Best way to conduct code reviews?

In most software development projects, code is stored in Git, and code reviews can be easily conducted in a lightweight fashion using GitHub pull requests.

With Appian there is no easy or intuitive way to do this. The only way to review code (that we have found) is to review the object in its totality. For expressions and interfaces you can manually comb through the Version history, pick out the prior definition, and run it through a text diff tool locally, but this is tedious, and doesn't allow collaboration as easily. For process models, it is impossible, which is another reason we try to make our models as small as possible and do everything in SAIL.


Has anyone built a tool for enabling efficient and collaborative code reviews, or is this just generally accepted as a limitation of the Appian product and an impediment to generating high quality code?

  Discussion posts and replies are publicly visible

  • Generally we review our code story by story. We list the objects that were created in our scrum board so that the reviewer will know what items to look at. We require heavily commented code to increase the efficiency of the review. Additionally, for expression rules, you can require that your developers create test cases, which will greatly speed up the review and testing of code.

    The ease for code review is definitely a limitation of Appian, but the way to go about it is to organize outside of Appian.

  • Hi,

    As jacob suggested heavily commented code is one of the key for increasing the efficiency of review. Creating test cases for expression rules at the time they are written is very good practice and since now Appian provides Automated Testing for Expression Rules, it will be really helpful while reviewing the test expressions.
    For a proper functional testing you can use Fitness/UI Testing, which is really helpful for testing the proper functionality of an application.

  • Certified Lead Developer
    in reply to inder_arora
    No tool - all manual. Our developers create change logs. Those change logs then go through peer review, where all objects are validated to be in the patch app and the objects themselves are reviewed against checklists.
  • Certified Lead Developer
    As far as Process Model's go, you can generate the documentation for the different versions of the PM's and then you can use a diff checking tool to compare the different versions and see what has been changed in the PM.
  • Running the health check in the lower environments can also be a good way to automatically detect bad practices, provided you don't have a lot of junk objects in the environment.
  • I think code reviewers should check whether the process has been designed as per the best practices proposed by Appian. They should make a checklist of the best practices in both process model design and Interfaces and check if these best practices have been implemented. Ex: Checking the performance view for the UI(Interfaces). It should be as minimal as possible say less than 100ms to avoid bad end user experience. For process models, check for security, archieval settings,alerts configured and if a new field is added to the UI, u need to consider how the existing instances work without breaking up.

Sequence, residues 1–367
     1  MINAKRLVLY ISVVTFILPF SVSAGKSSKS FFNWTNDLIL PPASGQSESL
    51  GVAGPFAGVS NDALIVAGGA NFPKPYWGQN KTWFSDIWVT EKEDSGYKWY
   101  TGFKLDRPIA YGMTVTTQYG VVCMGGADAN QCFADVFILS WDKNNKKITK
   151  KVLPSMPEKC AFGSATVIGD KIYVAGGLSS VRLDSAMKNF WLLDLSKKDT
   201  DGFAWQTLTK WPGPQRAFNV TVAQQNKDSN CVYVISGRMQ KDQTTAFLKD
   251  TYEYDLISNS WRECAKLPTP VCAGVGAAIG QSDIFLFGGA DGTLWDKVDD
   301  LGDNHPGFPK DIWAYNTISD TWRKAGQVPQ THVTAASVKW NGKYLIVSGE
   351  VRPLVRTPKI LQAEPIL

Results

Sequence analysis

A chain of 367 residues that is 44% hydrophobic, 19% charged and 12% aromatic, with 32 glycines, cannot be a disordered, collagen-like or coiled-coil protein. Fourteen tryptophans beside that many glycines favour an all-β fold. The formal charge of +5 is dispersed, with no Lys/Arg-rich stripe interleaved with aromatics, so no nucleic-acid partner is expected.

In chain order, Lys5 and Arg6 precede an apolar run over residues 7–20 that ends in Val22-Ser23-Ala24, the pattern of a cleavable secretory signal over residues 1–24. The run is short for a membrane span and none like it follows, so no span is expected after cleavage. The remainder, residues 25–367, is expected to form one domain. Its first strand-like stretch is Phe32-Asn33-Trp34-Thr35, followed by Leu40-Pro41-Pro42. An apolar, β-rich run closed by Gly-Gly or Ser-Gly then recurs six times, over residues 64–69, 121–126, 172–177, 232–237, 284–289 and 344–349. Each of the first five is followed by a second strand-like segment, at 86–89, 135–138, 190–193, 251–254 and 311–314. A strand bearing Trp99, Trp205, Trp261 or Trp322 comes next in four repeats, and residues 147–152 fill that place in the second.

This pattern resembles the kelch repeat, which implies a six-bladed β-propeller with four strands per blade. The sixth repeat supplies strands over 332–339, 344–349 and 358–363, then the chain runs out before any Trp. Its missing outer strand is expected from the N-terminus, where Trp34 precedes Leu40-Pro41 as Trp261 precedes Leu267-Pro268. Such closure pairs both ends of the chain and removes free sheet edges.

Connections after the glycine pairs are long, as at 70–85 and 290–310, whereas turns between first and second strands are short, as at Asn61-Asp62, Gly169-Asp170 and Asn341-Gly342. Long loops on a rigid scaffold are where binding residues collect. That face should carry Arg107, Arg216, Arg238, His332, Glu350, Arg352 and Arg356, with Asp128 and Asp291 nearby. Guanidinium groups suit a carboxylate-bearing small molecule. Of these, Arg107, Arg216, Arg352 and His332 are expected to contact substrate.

We did built a code review tool, some time back which checks whether the best practices have been followed in the process and generate a report by uploading the package into the tool.
  • Appian Employee
    in reply to ashokv

    Per Ashok and Christine, there are two levels of reviews - code structure and best practices/design review.

    For the former, there is no easy way to do it - SAIL could be maintained in git and potentially diffed. From there, things will get progressively more challenging all the way to process models which at this point have to reviewed visually. As Christine noted, change logs with peer review are the best way in this situation.

    As for design reviews, we have best practices checklists for each stage of a project. Additionally, I always start my review with teams running Appian Health Check, which checks for many items on the best practices lists and focusing on the flagged risks. It is incredibly useful - at some point teams include it into the delivery cycle and only escalate items that they are having a hard time resolving.

  • I would first look at the size of your project to determine what method works best for you. The suggestions here work for most cases, but depending on the complexity of the application, team size, and number of artifacts, you might have to come up with a review process that works best for your team. It's highly manual. Reviewing based on a story is a good starting point, but also having a vetted checklist that is sufficient to determine if is a code is reviewed properly is a consistent and reliable way for you to move forward. Not everyone will require the same level and attention during a review, so you may have to make that determination yourself. Jacob's suggestion and Mike Cichy are definitely 2 areas for you to explore. However looking for some automated way to do this like a diff or something, you might hit some roadblocks there.
  • there is no automated tool to do this , developers need to maintain the change log and then review has to be done object by object before deployment to higher environments.
  • You can create a checklist of the points that needs to be validated.Latest version of Appian supports automated testting of expression rules.These are few links which would help you to review your code.